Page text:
Blizzard Conditions

Last year in Connecticut alone, 300 drivers were involved in fatal car crashes, notes wrongful death experts Berkowitz and Hanna LLC.  About one third of those were speeding-related fatalities. The volatile combination of hazardous road conditions due to bad weather and drivers who speed despite the potential danger were the contributing factors to an Iowa Interstate 35 pile-up which prompted a recent wrongful death lawsuit in U.S. District Court.

On the blizzardy morning of December 20, 2012, a multi-vehicle auto accident occurred on Iowa I-35, killing two women. Allegedly, truck drivers  Dorothy Motley-Hamilton and Gregory Thompson lost control of their respective semi tractor-trailers, which jackknifed and blocked traffic on the highway. A car carrying Sheila Blood, her fiancé and their children crashed into Thompson’s semi. A third truck, driven by Kim Yang, went out of control and hit the car, causing it to be crushed between the two semis, killing Ms. Blood. In another vehicle involved in the collision, the pregnant driver, Colby Duckett Bostick, got out of her car to check on her young son. She was subsequently hit and killed by another vehicle. At the time, Iowa State Patrol determined that the three trucks that caused the pile-up were being driven too fast, given the weather conditions.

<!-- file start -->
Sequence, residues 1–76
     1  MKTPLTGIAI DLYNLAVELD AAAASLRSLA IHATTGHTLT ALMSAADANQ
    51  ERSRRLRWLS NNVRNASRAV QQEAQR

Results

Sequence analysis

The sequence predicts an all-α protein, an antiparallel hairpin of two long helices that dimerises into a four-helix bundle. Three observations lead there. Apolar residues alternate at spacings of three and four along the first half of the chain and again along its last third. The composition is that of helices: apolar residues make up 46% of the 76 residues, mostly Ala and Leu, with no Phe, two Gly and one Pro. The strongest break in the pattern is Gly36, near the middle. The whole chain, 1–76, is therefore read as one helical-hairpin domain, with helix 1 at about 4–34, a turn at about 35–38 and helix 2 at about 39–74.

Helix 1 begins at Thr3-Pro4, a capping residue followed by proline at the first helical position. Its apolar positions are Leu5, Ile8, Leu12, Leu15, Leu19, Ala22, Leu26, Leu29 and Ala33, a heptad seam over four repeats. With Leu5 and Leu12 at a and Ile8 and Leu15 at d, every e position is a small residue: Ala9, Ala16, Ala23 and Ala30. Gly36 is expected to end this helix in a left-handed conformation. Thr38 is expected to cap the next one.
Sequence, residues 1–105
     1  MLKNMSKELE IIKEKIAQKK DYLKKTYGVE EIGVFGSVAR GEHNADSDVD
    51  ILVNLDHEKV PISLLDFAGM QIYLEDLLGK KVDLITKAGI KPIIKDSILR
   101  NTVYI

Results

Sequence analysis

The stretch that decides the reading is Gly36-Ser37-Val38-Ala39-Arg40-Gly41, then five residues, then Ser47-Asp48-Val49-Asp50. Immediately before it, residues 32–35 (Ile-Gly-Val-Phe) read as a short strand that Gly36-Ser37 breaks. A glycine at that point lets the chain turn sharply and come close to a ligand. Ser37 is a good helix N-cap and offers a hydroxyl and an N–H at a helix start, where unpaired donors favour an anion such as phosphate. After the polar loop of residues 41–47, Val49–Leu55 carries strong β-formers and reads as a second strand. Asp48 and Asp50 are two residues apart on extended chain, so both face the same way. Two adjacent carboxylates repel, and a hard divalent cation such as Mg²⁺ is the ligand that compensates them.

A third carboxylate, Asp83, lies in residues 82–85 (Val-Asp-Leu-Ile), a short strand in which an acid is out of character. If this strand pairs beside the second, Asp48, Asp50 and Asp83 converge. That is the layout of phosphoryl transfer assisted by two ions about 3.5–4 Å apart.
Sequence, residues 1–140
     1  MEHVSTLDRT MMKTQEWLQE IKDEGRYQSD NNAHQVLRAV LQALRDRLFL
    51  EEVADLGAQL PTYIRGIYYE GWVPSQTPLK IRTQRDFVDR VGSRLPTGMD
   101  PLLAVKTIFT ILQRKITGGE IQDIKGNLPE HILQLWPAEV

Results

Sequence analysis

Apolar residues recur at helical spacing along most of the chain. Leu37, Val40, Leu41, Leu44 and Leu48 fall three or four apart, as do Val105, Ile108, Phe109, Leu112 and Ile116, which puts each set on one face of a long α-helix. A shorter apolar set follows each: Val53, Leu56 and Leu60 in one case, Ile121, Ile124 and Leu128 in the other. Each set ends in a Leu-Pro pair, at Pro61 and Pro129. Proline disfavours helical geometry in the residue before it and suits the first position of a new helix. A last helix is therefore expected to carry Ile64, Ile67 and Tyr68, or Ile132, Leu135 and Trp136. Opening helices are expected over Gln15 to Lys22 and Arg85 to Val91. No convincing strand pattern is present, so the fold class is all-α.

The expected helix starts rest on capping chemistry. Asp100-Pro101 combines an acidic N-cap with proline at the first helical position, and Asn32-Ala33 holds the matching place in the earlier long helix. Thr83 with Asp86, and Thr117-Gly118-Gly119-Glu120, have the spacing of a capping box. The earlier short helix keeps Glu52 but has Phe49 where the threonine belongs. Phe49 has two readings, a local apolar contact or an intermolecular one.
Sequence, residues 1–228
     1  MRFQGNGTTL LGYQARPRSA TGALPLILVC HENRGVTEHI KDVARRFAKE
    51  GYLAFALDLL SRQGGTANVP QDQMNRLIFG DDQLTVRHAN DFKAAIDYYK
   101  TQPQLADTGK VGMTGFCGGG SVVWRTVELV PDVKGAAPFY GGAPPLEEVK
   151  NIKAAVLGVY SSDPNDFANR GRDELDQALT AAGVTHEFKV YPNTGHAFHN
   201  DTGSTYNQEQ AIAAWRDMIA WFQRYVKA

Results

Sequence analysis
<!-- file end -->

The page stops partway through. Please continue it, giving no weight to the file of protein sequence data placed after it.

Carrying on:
The family of Sheila Blood has filed a federal wrongful death lawsuit against the three truck drivers and their respective trucking companies seeking compensatory and punitive damages, notes Berkowitz and Hanna LLC.

Note: Berkowitz and Hanna LLC did not represent any of the parties in this case.

Photo via Kcci.com